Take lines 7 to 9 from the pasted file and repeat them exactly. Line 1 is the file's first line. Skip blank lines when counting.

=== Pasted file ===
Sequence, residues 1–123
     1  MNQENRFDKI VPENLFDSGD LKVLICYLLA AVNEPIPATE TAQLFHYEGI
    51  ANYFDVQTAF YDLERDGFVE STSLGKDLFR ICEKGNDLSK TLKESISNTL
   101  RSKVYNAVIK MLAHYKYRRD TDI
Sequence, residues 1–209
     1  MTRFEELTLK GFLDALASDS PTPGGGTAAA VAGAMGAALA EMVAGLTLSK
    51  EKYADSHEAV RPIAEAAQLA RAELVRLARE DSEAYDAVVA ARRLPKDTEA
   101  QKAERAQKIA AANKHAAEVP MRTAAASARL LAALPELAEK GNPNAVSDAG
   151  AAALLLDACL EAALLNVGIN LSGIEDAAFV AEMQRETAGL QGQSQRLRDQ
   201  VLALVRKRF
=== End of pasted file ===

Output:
    51  EKYADSHEAV RPIAEAAQLA RAELVRLARE DSEAYDAVVA ARRLPKDTEA
   101  QKAERAQKIA AANKHAAEVP MRTAAASARL LAALPELAEK GNPNAVSDAG
   151  AAALLLDACL EAALLNVGIN LSGIEDAAFV AEMQRETAGL QGQSQRLRDQ